Here are some of my favourite surf pictures and stories so far. I´ve been fortunate enough to surf on 4 continents, finding enjoyment in each and every break I´ve dragged my board onto.
Hawaii – where it all began
Mauritius – not the best waves by Le Morne (I had to take a boat out to them and they weren´t anything to shout home about but I did see some dolphins underneath my board and that was unforgettable!
Denmark – Cold, not known for surfing but oh such waves!
Løkken – the beach break closest to my home away from home in Jutland
Cold Hawaii, Klitmøller / Vorupør. My favourite surf spot in Denmark
Indonesia – a surfer´s paradise
Jungut Batu – Nusa Lembongan Island – my favourite surf spot in Indonesia – on a small island with very few cars on it
Balangan Beach – the first place I surfed in Indonesia. The break is quite a rough one and it´s popular but there´s a laidback feel to life in these parts that I liked
Batu – Bolong – an easy but crowded break in Canggu, Bali. Truly a surf Mekka
Hawai – land of Earth, air, water and fire. Of all the places I have visited, it stands out as one of the most spectacular. In many ways, I find it hard to believe that Hawaii is part of The United States – it seems so genuine and humble by comparison to the mainland. Here’s a video of one of my best trips yet, and a bunch of photos to boot.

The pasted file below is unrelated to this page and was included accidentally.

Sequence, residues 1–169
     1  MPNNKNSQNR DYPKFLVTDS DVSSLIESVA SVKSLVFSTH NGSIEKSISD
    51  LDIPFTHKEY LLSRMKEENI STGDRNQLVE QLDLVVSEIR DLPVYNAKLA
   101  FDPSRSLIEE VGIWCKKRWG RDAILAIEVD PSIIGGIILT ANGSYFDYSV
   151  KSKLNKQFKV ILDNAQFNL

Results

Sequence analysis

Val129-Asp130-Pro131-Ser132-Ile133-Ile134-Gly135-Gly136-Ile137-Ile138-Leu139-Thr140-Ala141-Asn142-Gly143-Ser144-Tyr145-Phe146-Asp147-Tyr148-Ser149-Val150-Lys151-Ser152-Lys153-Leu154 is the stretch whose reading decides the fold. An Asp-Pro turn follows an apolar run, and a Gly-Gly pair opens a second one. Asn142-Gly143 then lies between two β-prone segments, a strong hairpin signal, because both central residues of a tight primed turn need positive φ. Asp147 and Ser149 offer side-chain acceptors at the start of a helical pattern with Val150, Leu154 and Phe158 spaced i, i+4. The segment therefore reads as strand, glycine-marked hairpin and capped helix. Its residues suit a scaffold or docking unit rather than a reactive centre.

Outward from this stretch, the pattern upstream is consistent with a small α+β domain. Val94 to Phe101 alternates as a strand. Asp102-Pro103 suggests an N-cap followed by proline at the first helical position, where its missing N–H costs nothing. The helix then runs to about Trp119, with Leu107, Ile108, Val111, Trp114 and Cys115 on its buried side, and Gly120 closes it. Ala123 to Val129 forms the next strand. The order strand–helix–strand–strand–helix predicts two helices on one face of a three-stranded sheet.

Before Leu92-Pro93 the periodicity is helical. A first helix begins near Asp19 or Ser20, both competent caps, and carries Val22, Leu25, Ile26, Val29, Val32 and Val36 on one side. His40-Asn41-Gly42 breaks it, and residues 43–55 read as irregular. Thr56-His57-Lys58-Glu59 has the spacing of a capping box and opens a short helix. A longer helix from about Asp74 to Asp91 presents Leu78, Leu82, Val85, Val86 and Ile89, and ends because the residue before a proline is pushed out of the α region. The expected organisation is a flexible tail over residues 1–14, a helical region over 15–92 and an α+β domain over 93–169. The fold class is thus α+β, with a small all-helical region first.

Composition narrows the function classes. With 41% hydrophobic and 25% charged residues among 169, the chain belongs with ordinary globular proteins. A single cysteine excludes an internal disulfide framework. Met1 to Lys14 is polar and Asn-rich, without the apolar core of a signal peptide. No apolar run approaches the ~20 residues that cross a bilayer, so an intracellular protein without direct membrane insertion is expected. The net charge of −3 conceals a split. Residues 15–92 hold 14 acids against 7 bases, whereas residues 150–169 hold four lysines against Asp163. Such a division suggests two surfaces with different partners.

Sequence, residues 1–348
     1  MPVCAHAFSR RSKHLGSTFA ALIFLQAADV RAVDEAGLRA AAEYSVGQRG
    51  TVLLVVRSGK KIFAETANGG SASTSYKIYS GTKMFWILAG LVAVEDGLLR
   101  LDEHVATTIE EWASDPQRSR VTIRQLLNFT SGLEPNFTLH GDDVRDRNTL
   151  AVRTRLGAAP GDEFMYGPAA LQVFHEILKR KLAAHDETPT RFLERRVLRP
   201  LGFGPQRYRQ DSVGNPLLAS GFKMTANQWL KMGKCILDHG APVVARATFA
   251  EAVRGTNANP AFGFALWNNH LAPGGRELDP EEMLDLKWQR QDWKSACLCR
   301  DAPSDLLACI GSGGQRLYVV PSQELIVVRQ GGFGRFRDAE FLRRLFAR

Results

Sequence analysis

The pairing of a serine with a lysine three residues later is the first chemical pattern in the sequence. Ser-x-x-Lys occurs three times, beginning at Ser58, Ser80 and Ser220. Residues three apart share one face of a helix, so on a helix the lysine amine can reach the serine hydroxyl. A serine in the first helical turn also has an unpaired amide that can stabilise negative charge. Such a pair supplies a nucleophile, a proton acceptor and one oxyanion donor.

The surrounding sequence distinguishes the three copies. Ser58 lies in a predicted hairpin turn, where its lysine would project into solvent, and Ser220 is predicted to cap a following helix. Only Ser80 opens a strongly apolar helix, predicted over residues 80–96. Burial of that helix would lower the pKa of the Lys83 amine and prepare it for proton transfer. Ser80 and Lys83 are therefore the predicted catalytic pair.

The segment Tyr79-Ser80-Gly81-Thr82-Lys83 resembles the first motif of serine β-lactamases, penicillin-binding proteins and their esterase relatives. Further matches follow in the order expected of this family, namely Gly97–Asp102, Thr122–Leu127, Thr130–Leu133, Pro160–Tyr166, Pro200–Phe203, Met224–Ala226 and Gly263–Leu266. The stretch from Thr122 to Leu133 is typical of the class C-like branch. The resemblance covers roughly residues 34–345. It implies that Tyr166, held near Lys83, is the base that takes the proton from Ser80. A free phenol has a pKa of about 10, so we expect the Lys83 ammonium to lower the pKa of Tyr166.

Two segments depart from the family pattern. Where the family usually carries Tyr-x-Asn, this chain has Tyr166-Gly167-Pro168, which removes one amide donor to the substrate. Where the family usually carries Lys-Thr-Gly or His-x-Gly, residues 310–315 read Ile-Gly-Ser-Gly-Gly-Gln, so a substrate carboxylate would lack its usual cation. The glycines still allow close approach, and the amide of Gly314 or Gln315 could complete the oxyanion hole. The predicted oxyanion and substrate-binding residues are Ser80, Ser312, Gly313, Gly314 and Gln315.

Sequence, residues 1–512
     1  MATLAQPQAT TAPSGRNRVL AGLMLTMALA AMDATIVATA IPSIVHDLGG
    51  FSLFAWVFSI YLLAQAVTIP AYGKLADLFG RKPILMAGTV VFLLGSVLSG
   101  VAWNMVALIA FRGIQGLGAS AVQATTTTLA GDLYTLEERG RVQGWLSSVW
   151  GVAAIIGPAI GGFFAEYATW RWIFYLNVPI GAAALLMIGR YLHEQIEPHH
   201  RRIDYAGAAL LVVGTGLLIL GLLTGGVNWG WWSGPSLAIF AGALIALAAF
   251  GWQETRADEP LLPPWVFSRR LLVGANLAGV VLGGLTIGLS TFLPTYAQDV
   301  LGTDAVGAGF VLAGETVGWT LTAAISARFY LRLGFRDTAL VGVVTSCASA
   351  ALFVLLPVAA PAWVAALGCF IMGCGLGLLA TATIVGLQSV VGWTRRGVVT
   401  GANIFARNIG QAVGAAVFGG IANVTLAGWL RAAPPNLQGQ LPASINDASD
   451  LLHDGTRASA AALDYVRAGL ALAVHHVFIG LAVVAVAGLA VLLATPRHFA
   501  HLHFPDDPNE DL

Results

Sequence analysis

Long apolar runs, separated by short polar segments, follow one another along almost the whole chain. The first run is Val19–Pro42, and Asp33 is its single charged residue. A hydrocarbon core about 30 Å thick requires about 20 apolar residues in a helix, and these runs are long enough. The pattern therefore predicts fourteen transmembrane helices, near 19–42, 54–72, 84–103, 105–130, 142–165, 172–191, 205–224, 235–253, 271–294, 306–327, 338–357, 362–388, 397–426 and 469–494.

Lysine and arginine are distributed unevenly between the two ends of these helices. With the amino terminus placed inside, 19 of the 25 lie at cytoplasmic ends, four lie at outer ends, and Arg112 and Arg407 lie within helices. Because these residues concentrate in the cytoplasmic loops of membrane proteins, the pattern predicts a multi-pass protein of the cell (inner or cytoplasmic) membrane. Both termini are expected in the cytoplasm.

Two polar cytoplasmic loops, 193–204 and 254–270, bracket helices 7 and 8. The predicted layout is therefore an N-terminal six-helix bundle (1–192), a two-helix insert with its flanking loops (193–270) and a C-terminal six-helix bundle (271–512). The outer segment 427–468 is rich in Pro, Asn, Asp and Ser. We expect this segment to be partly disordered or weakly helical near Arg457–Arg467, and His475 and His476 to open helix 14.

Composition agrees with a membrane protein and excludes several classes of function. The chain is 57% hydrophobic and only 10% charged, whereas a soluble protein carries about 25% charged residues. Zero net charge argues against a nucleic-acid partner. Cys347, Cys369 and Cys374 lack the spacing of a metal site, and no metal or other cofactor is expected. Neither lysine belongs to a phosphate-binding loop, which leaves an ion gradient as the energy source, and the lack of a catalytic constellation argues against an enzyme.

Waipio Valley / Hawi
North Shore (Banzai Pipeline, Waimea Bay, Sunset Beach)
The world is bleeding and so are our hearts and souls. The very fabric of our societies is being stretched, beyond imagination.
And yet, together we are and always have been stronger. And together, in spirit, we shall rise through it all. I wrote this poem and made these images from my life in 5 of the many countries affected by the COVID-19 pandemic
The largest migrating sand dune in Northern Europe. Some call it the Danish Sahara, others make do with calling it Råbjerg Mile. Whatever your preference – this natural wonder is a place to behold, as a unique landscape that is very different to everything around it.